Posted in Brand on 31 July 2015 By David Hunt, Creative Director
So, you’ve created your brand identity. You’ve defined your brand values. Now, how do you get this stuff to really work for you and get your people onboard?
It’s a question that’s not new to us. And there are inevitably lots of ways to answer it. However, one came to me recently from a rather unexpected source.
My twin boys are a few weeks away from beginning primary school and as part of their enrolment, my wife and I were invited to attend an induction session. I expected a rather boring chat about the logistic and bureaucratic stuff that fills the lives of school children and their parents: timetables, homework, pick-ups and the like.
Instead, I got a surprise.
The very first thing that the head teacher spoke to us about – and I mean the very first – was the school’s values: what they were; what they meant in practice; and, most importantly, how vital it was to discuss them with our children.
To be honest, this took me a little bit by surprise. But, when you think about it, this approach makes perfect sense.
If you’re welcoming new members to your organisation - be it a school, club or multinational business for that matter - it’s logical to explain to them (from day one) what you stand for and, as a result, what you expect them to stand for. Then, in turn, how this should inform the way they behave, communication and work on a day-to-day basis.
This idea is very simple and it would be easy to dismiss this as ‘it’s only a school, it can’t apply to my business’, but I disagree. Some of these values, such as respect, responsibility and cooperation, would not be out of place in any corporate brand manuals – in fact, many businesses I’ve worked with have included these or similar in their own list.
On top of that, the challenges faced by companies in getting their people to live, breathe and act on their brand’s values are more or less the same as that of a school: trying to get children from different backgrounds, experiences and sometimes cultures to engage with a new environment, a new system and new people in a consistent way.
You could actually argue that the companies have it easy given that the average recruit is probably less unruly than the average five-year-old. Probably.
So, once this was out of the way I was thinking: “What’s next on the agenda, identity?”
Surprise number two: it was.
‘Identity’ was the actual word used by the head teacher – a very business-like word – as she extolled the virtues of the school’s badge, uniform and presenting a consistent visual persona to the outside world. Vitally, she was clear in letting us know that there would be zero tolerance for any deviation from the official identity.
What’s next on the agenda, identity?
I don’t need to explain the parallels to a business’s visual brand language – they are evident. And the value in an appropriate, credible and consistent identity have been already been widely discussed and proven.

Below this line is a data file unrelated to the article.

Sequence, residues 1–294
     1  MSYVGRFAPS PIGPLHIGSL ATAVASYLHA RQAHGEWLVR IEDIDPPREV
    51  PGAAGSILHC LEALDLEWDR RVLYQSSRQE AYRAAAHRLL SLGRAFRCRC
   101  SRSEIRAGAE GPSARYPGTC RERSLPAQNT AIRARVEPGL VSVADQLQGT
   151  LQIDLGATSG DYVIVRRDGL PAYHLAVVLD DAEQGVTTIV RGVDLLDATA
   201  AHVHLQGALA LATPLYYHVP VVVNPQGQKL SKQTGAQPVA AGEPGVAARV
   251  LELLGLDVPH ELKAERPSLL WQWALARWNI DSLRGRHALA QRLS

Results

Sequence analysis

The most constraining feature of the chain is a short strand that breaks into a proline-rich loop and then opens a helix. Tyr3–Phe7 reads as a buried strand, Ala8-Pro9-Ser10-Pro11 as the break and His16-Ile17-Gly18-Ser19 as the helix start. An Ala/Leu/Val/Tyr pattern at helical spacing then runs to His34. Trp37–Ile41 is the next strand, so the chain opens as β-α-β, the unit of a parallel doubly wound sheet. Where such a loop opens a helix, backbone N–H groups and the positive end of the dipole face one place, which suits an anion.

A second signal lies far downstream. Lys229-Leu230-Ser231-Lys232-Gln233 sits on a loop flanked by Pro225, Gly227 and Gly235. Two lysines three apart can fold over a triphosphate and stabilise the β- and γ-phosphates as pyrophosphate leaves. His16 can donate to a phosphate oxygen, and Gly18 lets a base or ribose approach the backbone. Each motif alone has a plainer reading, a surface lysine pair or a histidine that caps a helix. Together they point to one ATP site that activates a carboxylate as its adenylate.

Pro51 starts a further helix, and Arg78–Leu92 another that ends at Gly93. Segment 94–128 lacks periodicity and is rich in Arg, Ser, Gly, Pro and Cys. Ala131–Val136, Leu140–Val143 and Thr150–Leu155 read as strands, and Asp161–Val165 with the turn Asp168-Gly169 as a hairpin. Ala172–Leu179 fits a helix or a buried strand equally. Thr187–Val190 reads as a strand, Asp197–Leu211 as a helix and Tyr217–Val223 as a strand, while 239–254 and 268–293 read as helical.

So, going back to that original question around getting people ‘onboard’ with your brand, what lessons can we learn from my little school trip?
Firstly, speaking to your people about your brand’s identity, and particularly your values, should be something that happens from day one. In fact it could, and probably should, happen before – just as it did at our school. Discussing values during an interview, for example, would allow you to assess candidate’s fit alongside their expertise and experience.
Somebody once said to me that ‘you never get a second chance to make a great start’. Such advice rings true here. Introducing these themes at this stage gives you a great foundation to build them into every aspect of your business and create an on-going dialogue about them.
After all you can’t expect your customers, consumers or investors to fully engage with, and understand, your brand if your own people don’t. It really is an inside-out kind of thing.
Next, if you’re at the top of an organisation, you have to buy into this stuff as much as you expect everyone else to – just as our earnest and energetic head teacher did.
A person or people who can really champion your brand internally on a day-to-day basis will be a great asset. They will enthuse and engage your people, bringing the values to life for them. What’s more, they will help them discover how these things might have a positive impact on their individual roles, and how they, in turn, contribute to the overall success of your business.
And that success is what we’re all aiming for.
As discussed at the Financial Reporting Council (FRC) seminar last month, culture is becoming increasingly recognised for the role it plays in generating sustainable growth.
Michelin’s memorable TV adverts from the early 2000s show a customer urging his car salesman for visual assurance that his new motor will be shod with tyres bearing the iconic chubby white character that’s become synonymous with that famous brand.
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